It might be five years old, but Fez remains a masterclass in indie puzzle-platforming. The bright pixel art, the mesmerizing Disasterpiece soundtrack and perspective-shifting gameplay comes together in a wonderfully mysterious and serene collectathon. Following its release on Xbox 360, PC, Mac and various PlayStation hardware, Polytron is bringing the game to iOS. In a short teaser trailer, the eyepatch-wielding Geezer tells Gomez, the main character, how the "adventure is ready." A flashy cube appears in the sky, before the entire scene pans out to reveal the game running on an iPad. So yeah, you can expect a tablet-optimized version.
Fez was an important title for the indie game community, promoting the sort of wonder and puzzle design that demands paper, pen and endless pages of forum discussion. At first blush, the game's allure is in its 2D-but-3D game design. A platform might look out of reach, but flipping the world by 90, 180 or 270 degrees would suddenly reveal a new route. It was smart and imaginative, rewarding players who could visualize and plan ahead. Underneath, however, was a greater set of mysteries involving cyphers and codes. Some of which people are still discussing and theorizing over.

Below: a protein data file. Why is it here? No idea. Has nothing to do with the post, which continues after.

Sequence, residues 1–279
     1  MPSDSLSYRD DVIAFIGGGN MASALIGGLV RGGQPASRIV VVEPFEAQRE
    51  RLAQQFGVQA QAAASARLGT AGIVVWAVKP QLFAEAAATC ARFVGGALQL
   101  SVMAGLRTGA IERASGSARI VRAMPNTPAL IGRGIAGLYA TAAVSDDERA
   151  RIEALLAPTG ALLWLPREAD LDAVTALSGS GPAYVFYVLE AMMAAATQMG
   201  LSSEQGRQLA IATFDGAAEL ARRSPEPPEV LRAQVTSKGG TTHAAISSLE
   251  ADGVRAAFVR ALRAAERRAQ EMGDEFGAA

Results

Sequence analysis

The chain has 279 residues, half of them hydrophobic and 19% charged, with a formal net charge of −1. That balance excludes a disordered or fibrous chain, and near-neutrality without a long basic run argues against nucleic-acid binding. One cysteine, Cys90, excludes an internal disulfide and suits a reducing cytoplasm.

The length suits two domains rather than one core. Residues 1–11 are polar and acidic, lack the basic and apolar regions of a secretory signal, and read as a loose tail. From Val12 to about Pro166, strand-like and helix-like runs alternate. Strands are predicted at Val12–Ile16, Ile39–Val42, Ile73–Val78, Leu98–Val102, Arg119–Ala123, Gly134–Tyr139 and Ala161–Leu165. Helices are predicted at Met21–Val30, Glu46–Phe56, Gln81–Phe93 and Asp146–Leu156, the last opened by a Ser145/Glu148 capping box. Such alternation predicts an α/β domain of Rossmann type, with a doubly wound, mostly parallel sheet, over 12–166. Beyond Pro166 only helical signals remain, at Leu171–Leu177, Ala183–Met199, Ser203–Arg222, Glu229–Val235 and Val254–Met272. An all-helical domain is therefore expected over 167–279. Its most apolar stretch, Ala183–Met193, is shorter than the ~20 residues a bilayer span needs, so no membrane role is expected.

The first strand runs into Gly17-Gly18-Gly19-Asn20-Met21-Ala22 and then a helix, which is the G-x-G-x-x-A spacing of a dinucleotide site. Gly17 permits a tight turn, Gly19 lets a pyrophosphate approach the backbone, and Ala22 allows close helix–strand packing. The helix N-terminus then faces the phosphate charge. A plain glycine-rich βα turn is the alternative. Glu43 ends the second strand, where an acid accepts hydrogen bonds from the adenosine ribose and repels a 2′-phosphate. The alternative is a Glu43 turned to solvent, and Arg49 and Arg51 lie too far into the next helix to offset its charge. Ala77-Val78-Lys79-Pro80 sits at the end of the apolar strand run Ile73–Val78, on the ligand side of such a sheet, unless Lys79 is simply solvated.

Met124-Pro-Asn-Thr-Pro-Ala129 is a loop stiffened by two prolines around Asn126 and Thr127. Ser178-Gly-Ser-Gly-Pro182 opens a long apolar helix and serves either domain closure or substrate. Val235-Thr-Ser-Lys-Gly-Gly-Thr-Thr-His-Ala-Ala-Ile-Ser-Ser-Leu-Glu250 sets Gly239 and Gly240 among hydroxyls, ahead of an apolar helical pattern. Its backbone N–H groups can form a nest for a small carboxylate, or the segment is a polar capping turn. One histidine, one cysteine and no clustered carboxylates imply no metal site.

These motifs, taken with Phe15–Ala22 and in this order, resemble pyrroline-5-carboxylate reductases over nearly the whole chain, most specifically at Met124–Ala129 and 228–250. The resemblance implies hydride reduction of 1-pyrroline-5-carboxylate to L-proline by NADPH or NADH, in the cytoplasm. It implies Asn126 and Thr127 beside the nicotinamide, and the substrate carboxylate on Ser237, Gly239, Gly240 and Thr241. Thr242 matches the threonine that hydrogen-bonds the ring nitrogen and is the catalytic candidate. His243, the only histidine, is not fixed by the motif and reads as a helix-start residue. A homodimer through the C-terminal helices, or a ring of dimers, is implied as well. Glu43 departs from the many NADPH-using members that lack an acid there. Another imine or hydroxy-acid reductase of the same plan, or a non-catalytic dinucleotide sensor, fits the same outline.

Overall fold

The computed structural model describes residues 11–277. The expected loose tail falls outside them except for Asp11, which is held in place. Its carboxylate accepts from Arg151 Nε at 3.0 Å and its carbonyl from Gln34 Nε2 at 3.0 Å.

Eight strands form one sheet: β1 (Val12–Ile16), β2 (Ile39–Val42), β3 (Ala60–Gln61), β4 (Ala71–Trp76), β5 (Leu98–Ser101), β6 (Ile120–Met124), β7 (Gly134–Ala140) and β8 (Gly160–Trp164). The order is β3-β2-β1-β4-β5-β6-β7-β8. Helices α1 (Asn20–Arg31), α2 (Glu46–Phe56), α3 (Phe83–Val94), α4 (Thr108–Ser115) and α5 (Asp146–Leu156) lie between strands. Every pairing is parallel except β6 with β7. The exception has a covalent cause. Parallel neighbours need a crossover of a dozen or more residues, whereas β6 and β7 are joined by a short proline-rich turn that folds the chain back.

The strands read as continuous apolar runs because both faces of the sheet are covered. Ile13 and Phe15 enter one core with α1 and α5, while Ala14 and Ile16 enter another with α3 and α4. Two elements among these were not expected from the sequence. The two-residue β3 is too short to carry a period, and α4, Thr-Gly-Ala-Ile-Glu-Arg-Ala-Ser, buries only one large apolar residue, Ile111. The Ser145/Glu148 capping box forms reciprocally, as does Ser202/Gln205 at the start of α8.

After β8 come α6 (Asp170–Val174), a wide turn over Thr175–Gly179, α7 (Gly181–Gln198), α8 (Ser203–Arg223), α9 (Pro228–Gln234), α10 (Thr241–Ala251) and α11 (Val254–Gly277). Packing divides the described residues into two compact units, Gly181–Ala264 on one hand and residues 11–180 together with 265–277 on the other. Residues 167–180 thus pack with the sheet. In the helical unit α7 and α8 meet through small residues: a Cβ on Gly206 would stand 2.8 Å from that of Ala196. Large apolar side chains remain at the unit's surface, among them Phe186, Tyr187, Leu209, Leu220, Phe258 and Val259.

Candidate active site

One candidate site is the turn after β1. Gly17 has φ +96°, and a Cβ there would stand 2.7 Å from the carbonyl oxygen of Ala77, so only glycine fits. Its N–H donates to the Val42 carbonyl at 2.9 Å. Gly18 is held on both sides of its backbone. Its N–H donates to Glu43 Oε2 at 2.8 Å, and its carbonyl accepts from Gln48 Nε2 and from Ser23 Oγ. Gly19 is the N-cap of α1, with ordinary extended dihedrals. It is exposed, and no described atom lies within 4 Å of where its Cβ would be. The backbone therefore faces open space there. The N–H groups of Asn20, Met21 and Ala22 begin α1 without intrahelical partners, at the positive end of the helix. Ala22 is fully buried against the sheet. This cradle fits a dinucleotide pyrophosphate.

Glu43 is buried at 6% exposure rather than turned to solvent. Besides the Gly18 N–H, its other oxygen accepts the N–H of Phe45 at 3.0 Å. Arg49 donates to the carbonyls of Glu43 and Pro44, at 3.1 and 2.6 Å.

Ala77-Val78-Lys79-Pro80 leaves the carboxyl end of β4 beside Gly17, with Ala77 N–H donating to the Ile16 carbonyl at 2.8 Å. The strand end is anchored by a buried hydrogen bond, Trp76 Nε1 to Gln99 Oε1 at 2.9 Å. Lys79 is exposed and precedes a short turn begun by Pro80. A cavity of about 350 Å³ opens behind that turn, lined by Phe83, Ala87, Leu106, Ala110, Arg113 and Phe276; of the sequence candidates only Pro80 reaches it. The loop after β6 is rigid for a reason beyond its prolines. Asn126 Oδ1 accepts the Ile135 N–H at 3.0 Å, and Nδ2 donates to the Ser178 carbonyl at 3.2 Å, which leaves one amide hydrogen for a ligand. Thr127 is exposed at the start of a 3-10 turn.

To go any further would spoil the game's numerous surprises. Fez will also be remembered for its controversial designer Phil Fish, who starred in the 2012 documentary Indie Game: The Movie. His portrayal and subsequent comments, which included a takedown of Japanese game developers, triggered an internet firestorm, the cancellation of Fez II and Fish's ultimate exit from the video game industry. Despite this drama, Fez is a wonderful title that deserves your attention. How the controls will work on iOS remains a mystery -- swiping to change the camera angle seems logical, but how that will play with tap-based platforming remains a concern.